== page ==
Of the 28,217 undergraduates at UW-Madison, 58% are from Wisconsin and 11% are from Minnesota.(Note the rationality at work. Although that $20,280 is notionally full fare, using arbitrary accounting allocations of unallocable joint costs, it's still cheaper, even with room and board, than four years at one of the Ivies, and with better football -- and hockey -- teams, and a larger pool of hook-up buddies. Since money is fungible, Wisconsin taxpayers are subsidizing well-to-do parents from other states, as well as the intellectual development of their own best and brightest, many of whom, like me, will draw paychecks in Greater Chicago.)
Most of the other 31% come from Illinois, New York, California and New Jersey. These students form a distinct demographic, and are often clumped under the all-purpose category: Coasties.
Their tuition - $20,280 a year - is substantially higher than what students from Wisconsin and Minnesota pay, $6,280 and $7,802. That makes them more likely to come from wealthier families.
The Coasties apparently are a recognizable sub-species, worthy of satire at Hallowe'en.
The stereotypes go something like this:The Diversity Weenies are aware of the situation.
Coasties are snobs who self-segregate in private dorms and the Greek system.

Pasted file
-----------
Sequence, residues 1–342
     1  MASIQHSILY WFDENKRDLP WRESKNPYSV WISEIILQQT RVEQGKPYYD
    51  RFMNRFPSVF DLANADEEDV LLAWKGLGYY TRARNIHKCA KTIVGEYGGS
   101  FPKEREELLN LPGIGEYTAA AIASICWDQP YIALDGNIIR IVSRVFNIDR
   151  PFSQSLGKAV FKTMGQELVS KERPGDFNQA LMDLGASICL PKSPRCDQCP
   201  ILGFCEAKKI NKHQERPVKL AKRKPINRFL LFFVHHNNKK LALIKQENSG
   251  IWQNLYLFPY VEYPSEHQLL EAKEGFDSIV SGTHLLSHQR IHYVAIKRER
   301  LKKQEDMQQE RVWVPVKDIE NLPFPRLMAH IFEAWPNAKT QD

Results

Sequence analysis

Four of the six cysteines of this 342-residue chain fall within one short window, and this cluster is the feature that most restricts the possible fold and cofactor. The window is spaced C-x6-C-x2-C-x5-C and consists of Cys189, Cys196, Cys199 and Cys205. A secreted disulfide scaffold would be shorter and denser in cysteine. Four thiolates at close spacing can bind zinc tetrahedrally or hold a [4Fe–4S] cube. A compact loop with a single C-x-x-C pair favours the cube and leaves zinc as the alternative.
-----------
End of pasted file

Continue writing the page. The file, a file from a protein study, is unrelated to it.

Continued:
Wisconsin students are provincial and unwilling to accept outsiders.
Students say the rivalry is lighthearted and that friendships form across the divide.
"We just like to make fun of each other," Bach said.
Even so, the divisions are now addressed at freshman orientation, and some students say they feel as if they are attending separate universities.But not quite ready to add new re-education sessions.
Lori Berquam, dean of students, described the cultural conflict on campus as "good-natured," and a lot of students agree.To some extent, there's nothing new about this. My mom is among the six percent from the poorest quartile to finish college -- this during and immediately after World War II -- and to this day she'll gripe about Coasties who would flag down a taxi to go to class on a cold morning.
But Wren Singer, director of orientation and new student programs, takes it seriously. At freshman orientation, students are prodded into discussions of "stereotypes of coastal culture vs. Midwest culture," Singer said.
"Most people think about ethnic diversity, people from different races," she said. "But I think it's much more likely that a freshman would make a derogatory comment about someone from the East Coast than someone of color."